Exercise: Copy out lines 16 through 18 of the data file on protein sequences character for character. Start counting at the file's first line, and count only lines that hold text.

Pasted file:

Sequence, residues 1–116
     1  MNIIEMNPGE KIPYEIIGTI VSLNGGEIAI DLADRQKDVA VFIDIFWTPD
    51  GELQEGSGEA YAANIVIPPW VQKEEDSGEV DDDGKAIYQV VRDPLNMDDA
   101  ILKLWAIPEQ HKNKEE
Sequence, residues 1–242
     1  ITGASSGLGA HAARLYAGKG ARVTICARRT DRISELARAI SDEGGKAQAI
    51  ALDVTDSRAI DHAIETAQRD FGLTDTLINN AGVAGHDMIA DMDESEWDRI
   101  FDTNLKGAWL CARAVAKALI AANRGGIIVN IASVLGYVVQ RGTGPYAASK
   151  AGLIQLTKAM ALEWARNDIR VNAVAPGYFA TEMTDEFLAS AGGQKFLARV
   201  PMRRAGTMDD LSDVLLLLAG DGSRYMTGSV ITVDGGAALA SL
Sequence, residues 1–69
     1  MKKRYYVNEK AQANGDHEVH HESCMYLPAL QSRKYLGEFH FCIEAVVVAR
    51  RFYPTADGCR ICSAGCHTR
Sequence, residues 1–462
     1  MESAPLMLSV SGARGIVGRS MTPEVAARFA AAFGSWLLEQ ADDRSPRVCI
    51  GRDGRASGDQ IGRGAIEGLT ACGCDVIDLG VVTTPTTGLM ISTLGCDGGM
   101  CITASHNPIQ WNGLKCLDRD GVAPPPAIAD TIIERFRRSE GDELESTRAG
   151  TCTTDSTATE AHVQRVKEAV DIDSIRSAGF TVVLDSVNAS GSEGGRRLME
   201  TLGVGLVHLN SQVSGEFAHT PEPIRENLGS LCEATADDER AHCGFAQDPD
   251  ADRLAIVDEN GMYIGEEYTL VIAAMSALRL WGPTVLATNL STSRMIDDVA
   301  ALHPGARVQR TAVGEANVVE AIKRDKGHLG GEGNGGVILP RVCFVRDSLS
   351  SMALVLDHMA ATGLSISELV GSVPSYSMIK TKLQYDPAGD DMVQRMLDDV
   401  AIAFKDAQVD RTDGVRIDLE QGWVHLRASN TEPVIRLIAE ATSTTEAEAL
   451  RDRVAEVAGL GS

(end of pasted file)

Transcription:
    51  GRDGRASGDQ IGRGAIEGLT ACGCDVIDLG VVTTPTTGLM ISTLGCDGGM
   101  CITASHNPIQ WNGLKCLDRD GVAPPPAIAD TIIERFRRSE GDELESTRAG
   151  TCTTDSTATE AHVQRVKEAV DIDSIRSAGF TVVLDSVNAS GSEGGRRLME